Effects of Alcohol Consumption After Absorption

Shivendra Pratap Singh


High Court Lucknow

Medico Legal

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Published on: 10 Aug, 2023

Alcohol, specifically ethanol, is the active component in alcoholic beverages. Upon consumption, it gets rapidly absorbed into the bloodstream, primarily from the stomach and small intestine. Once absorbed, alcohol exerts a myriad of effects on various systems of the body. Let’s delve into the physiological impact of alcohol after its absorption:

1. Central Nervous System (CNS):

  • Depressant Effect: Alcohol is a CNS depressant. Initially, it might cause euphoria, but as the Blood Alcohol Concentration (BAC) increases, it leads to impaired judgment, slowed reflexes, blurred vision, and poor coordination.
  • Memory Impairment: Alcohol can cause blackouts or periods where the person doesn’t remember events even though they were conscious.
  • Mood Alteration: It may lead to mood swings, depression, or even aggressive behavior.
  • Sleep Disruption: Although alcohol can induce sleep, it disrupts the REM cycle, leading to non-restful sleep.

2. Cardiovascular System:

  • Immediate Effect: Alcohol causes vasodilation, leading to a feeling of warmth but also potential facial flushing and lowered blood pressure.
  • Chronic Use: It can lead to cardiomyopathy (disease of the heart muscle), irregular heartbeat, and hypertension.

3. Digestive System:

  • Gastric Mucosa: Alcohol irritates the stomach lining, leading to gastritis, or inflammation. This can result in nausea, vomiting, and even ulcers.
  • Liver: The liver metabolizes alcohol, but excessive amounts can lead to fatty liver disease, alcoholic hepatitis, fibrosis, and eventually cirrhosis.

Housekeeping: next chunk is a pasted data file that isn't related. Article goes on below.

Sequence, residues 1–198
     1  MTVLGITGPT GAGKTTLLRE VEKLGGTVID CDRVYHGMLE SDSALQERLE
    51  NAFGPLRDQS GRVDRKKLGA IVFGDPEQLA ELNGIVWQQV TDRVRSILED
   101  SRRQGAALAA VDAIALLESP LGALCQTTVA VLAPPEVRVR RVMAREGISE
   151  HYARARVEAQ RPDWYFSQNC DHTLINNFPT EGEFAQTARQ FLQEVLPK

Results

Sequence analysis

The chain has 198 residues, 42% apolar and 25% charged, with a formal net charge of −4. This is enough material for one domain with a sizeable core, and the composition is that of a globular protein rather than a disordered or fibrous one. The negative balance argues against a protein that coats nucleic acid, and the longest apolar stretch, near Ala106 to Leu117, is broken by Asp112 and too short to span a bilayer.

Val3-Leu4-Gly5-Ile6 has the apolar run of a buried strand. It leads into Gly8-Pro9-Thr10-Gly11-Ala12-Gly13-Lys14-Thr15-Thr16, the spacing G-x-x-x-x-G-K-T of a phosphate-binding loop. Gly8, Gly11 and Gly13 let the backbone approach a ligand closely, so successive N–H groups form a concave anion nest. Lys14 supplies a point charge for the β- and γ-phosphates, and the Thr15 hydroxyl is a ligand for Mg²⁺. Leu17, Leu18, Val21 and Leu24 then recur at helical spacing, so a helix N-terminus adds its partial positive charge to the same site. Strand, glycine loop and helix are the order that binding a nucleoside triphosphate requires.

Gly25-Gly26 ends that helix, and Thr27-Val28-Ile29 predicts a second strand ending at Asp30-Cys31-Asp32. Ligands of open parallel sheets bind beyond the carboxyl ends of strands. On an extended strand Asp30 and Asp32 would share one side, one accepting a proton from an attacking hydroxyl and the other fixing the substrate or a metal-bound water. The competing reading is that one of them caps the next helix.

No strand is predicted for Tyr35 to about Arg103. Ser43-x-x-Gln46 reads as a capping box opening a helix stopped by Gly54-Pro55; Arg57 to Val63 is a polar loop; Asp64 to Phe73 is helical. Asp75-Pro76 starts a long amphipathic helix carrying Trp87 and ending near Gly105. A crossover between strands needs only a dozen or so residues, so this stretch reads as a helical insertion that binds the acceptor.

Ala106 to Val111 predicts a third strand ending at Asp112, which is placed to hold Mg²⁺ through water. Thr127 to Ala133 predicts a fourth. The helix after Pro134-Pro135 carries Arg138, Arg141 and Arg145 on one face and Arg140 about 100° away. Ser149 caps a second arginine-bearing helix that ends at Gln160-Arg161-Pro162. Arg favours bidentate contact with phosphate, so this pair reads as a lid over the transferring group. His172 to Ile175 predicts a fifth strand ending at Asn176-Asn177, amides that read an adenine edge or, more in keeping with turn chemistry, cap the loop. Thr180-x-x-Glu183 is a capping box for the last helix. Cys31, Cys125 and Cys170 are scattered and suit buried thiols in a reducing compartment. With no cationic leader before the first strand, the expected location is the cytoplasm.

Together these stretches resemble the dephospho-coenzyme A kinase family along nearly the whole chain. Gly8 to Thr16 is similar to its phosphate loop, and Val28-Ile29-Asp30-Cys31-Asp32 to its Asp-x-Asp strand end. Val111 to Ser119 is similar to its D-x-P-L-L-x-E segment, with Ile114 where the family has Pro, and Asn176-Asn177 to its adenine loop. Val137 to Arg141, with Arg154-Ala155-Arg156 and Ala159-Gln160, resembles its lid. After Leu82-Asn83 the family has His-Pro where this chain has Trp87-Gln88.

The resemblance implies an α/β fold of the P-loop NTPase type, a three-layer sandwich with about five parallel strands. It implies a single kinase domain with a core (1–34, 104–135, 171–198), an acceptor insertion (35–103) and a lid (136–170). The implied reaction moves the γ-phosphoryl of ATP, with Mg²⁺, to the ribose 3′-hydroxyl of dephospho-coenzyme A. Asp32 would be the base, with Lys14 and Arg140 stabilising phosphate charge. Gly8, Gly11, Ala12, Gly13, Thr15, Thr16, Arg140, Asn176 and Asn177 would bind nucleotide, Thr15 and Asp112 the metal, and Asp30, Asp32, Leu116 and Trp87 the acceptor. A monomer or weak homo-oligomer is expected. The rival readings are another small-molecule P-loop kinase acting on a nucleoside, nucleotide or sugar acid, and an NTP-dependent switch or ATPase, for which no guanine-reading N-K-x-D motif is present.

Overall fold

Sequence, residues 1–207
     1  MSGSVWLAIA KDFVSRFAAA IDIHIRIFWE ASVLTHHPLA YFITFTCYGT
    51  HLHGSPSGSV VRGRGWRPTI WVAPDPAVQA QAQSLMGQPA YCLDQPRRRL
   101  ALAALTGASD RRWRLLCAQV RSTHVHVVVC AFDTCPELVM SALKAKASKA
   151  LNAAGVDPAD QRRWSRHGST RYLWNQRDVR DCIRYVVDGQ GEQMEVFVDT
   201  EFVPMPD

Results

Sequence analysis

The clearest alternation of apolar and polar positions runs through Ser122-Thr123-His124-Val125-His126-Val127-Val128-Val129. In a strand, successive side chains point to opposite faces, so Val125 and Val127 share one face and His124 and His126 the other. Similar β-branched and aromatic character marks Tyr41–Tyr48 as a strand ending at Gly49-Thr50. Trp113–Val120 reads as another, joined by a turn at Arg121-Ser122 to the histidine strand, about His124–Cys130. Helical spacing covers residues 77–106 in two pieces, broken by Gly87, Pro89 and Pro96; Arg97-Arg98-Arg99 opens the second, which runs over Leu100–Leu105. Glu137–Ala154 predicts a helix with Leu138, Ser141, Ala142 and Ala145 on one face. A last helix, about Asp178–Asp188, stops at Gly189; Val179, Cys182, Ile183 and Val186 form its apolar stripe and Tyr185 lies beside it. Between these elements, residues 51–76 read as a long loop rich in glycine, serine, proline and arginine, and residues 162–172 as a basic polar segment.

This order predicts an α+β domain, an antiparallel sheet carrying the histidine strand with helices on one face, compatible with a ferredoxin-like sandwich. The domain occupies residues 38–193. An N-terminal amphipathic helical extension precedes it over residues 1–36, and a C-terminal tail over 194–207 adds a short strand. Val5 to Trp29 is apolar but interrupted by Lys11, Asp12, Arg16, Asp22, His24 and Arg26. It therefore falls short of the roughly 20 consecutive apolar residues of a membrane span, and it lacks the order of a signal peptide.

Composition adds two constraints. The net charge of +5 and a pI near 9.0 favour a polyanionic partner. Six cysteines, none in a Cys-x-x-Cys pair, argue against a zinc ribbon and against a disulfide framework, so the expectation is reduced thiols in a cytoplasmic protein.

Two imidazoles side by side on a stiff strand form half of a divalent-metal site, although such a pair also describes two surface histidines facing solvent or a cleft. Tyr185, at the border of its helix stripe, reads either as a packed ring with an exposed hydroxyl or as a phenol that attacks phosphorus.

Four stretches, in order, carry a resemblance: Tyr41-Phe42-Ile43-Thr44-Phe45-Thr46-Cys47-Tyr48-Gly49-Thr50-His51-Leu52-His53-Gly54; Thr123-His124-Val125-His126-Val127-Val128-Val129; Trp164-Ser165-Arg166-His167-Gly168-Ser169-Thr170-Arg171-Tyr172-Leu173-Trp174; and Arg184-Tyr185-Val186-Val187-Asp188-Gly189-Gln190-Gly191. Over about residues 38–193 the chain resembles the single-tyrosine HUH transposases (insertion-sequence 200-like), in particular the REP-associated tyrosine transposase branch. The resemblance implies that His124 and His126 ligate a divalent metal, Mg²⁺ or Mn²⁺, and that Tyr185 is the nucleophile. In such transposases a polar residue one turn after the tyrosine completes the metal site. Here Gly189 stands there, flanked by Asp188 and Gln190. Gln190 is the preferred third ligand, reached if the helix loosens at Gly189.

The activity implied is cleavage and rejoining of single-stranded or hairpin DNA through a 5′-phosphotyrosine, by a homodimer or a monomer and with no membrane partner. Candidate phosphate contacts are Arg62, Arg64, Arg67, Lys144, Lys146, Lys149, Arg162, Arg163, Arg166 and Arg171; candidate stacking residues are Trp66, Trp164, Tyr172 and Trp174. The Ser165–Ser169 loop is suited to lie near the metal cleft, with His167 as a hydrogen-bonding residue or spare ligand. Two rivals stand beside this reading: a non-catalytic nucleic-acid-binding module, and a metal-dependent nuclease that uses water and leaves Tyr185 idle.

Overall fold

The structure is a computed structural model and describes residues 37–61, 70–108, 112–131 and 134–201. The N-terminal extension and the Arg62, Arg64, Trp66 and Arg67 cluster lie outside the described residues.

4. Kidneys:

  • Diuresis: Alcohol inhibits the secretion of vasopressin (antidiuretic hormone), causing increased urine production and potentially leading to dehydration.

5. Endocrine System:

  • Insulin Release: Alcohol stimulates the pancreas to secrete insulin, which can lead to hypoglycemia (low blood sugar).
  • Sex Hormones: Chronic use can lead to decreased testosterone in males and menstrual irregularities in females.

6. Musculoskeletal System:

  • Muscle Weakness: Chronic alcohol use can cause myopathy or muscle weakness.

7. Immune System:

  • Suppression: Even a single episode of heavy drinking can hamper the body’s ability to ward off infections. Chronic use can lead to more significant immune suppression, increasing susceptibility to diseases.

8. Metabolic Effects:

  • Hypothermia: Despite the feeling of warmth due to vasodilation, alcohol increases heat loss, which can lead to a drop in body temperature.
  • Lactic Acidosis: Alcohol metabolism can increase lactate production, leading to acidosis, especially in situations of hypoxia or low oxygen.

9. Teratogenic Effects:

  • Fetal Alcohol Syndrome: Alcohol consumption during pregnancy can lead to developmental disorders in the fetus, characterized by facial deformities, growth deficits, and cognitive impairment.


The effects of alcohol on the body are wide-ranging and dose-dependent. While moderate alcohol consumption might have certain health benefits for some individuals, excessive and chronic consumption can lead to adverse and potentially irreversible effects. Being aware of these impacts is crucial for informed decision-making about alcohol consumption.


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